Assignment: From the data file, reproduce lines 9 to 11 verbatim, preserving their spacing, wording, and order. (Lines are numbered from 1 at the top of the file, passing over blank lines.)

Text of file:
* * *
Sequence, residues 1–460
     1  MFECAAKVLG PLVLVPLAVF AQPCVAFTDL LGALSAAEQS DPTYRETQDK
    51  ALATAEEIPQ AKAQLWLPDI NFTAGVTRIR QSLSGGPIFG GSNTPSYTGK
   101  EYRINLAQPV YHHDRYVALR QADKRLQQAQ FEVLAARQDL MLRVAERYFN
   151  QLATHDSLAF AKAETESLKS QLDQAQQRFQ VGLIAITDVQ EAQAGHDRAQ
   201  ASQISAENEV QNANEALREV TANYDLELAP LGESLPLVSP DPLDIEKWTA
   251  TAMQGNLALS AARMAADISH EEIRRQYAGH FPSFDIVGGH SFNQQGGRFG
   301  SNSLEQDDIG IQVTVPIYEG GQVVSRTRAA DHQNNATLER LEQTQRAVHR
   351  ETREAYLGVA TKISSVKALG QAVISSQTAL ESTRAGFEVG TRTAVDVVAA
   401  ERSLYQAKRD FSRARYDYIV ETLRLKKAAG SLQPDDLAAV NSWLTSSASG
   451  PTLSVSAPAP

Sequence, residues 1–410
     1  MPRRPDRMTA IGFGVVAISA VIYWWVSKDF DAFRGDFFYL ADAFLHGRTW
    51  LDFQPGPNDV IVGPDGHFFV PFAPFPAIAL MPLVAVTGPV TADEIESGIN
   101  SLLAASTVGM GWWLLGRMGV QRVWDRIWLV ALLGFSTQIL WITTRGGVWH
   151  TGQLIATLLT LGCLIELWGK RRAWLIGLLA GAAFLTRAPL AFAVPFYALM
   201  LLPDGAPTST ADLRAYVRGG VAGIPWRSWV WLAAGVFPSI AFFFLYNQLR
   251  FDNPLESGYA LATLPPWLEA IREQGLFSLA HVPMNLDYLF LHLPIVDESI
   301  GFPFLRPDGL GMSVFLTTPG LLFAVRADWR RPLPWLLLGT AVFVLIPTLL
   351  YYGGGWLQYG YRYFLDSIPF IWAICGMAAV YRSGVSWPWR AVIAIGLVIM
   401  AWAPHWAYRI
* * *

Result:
   351  ETREAYLGVA TKISSVKALG QAVISSQTAL ESTRAGFEVG TRTAVDVVAA
   401  ERSLYQAKRD FSRARYDYIV ETLRLKKAAG SLQPDDLAAV NSWLTSSASG
   451  PTLSVSAPAP